Camping World Trucks: Can Buescher Mount A Comeback And Repeat As Champ? It’s no secret that the 2013 season has been far from what defending champion James Buescher and the No. 31 Turner Scott Motorsports team had in mind back in February. Instead, it took six months before they reached Victory Lane, and he’s only managed to snag a top 10 in half the events this year. Now sitting third in points after his win at Michigan Saturday, Buescher mentioned, “[This win is] a good way to start that turnaround.” But can he manage an upset run to take the championship from Matt Crafton, who has been so dominant this season in the standings?
Well, let’s take a quick look at the races we’ve got left. Immediately, two races stand out as big “wild cards” in this championship battle — Talladega and the Truck Series’ inaugural visit to Canadian Tire Motorsports Park (better known as Mosport). Talladega is in there for the obvious reason that plate racing tends to be more about survival and longevity rather than strategy. But Mosport is likely a date most teams have circled as much as they did Eldora. The uncertainty of what to expect can change everything when it’s all said and done. Road course racing tends to lend itself to difficulty passing, something that’s already present in the series with how aerodynamically dependent the trucks are, so track position will likely be key that weekend.
Aside from those two “wild cards,” the remaining ten races on the schedule include four mile-and-a-half tracks where Buescher and TSM excelled last season. Would that be enough to close the gap? Weaknesses would include Martinsville and Phoenix, tracks where their rivals have excelled. Minimizing those stumbles and taking advantage, in the event Crafton and the No. 88 team find themselves in a tough spot is exactly what the No. 31 team needs to do to have a chance to become the first to win back-to-back championships.
It won’t be easy. And oh, by the way, he still has to get around teammate Jeb Burton, who has shown so much promise as a rookie, scoring two poles and a victory already this year. So while it is possible for Buescher, or just about anyone inside the top 4 for that matter to sneak in and grab a championship, this better be the moment they start making their move. As the number of races remaining on the schedule dwindles, it’s definitely past go time for anyone hoping to have a shot come Homestead in November. Beth Lunkenheimer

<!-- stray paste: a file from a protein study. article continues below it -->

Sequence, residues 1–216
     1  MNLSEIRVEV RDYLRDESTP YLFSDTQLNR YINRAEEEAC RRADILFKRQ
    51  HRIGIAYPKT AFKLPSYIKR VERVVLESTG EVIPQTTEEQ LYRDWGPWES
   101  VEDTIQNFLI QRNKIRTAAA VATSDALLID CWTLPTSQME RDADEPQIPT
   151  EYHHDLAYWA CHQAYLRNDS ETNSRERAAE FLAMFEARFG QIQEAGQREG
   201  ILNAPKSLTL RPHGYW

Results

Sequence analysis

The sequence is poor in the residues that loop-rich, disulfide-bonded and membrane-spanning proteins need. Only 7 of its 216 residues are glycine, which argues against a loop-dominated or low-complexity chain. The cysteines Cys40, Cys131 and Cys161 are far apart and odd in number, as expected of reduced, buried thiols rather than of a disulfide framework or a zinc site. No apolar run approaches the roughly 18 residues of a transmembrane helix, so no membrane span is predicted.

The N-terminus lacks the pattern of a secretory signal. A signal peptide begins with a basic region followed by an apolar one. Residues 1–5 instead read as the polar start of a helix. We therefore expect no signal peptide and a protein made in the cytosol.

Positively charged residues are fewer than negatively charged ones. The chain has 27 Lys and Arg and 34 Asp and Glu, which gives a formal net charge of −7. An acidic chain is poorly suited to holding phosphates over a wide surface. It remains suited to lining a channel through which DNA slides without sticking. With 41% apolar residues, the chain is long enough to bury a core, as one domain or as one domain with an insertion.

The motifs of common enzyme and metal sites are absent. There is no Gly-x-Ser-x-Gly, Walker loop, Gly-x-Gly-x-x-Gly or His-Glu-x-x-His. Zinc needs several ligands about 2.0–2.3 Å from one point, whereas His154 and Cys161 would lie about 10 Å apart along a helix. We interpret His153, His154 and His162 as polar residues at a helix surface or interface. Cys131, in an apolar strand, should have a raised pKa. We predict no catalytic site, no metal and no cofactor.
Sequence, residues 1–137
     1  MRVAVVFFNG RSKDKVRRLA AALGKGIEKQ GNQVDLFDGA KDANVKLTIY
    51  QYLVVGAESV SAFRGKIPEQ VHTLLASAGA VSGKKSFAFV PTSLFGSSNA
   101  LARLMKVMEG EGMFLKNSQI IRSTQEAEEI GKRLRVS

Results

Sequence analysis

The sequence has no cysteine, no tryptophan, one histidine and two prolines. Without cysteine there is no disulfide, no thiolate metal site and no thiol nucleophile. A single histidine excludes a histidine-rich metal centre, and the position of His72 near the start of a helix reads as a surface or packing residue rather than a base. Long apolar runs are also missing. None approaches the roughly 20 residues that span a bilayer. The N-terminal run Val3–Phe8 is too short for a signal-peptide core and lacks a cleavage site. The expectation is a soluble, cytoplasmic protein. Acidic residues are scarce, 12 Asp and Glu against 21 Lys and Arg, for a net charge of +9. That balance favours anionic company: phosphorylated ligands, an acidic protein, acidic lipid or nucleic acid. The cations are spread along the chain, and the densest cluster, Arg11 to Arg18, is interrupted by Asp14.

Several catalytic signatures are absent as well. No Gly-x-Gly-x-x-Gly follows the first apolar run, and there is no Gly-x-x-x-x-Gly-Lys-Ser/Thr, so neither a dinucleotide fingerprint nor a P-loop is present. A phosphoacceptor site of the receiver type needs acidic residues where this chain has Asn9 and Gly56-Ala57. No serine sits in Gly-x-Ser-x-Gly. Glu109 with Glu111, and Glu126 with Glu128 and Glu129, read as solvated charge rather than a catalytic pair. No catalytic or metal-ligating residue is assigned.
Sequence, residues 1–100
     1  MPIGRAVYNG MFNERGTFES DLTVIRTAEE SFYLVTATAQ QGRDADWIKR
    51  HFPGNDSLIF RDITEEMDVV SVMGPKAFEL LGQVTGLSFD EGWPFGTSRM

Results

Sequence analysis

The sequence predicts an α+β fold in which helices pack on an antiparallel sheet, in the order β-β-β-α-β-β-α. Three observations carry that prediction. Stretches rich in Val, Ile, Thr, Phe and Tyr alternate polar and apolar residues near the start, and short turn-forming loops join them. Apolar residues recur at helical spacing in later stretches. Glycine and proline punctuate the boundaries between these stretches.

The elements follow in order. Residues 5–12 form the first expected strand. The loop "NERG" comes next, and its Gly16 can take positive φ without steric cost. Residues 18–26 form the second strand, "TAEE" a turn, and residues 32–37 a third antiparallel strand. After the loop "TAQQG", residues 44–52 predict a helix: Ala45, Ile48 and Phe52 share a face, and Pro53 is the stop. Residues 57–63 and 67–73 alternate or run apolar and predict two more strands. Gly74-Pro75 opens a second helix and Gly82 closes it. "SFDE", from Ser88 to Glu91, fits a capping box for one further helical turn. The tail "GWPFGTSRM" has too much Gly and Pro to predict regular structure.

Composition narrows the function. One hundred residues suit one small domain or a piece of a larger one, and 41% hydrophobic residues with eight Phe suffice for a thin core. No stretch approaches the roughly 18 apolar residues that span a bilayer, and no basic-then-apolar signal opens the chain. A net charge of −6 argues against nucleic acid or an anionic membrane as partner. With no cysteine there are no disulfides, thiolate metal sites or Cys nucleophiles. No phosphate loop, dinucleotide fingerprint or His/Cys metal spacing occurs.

Short Tracks: Filling A Father’s Footsteps Being the son of a legend and following in your father’s footsteps can be a daunting task no matter what profession it was that allowed him to become that legend. In the world of sports, the statistics will haunt the offspring forever. Whether you’re the son of Bob Griese or Jackie Robinson, living up to the numbers of dad can be a challenge. The same thing is very true in racing. Kyle Petty and Dale Earnhardt Jr. have been living up to the names of their fathers for years. In the world of short track racing, Terry Phillips has been living up to his dad, Larry Phillips, formidable resume for many years. The younger Phillips has held his own, winning six MARS dirt series championships to his dad’s five NASCAR national championships. This weekend he was able to put a notch in his belt that his legendary father never did.
The Comp Cams topless 100 is one of the biggest Super Late Model races of the year and Terry Phillips has been chasing the title in that race for years. Finally, after a day’s delay due to too much rain, Terry Phillips was able to make a dream come true. Phillips passed Jimmy Owens on lap 79 and held on through a last lap attempt by Owens to regain the lead. The $40,000 first prize is certainly a big plus but the six foot tall trophy and having his name in the record book as a Topless 100 winner is going to last forever. Larry Phillips left some very large shoes for his son to fill and Terry Phillips is doing just fine filling them up. Mike Neff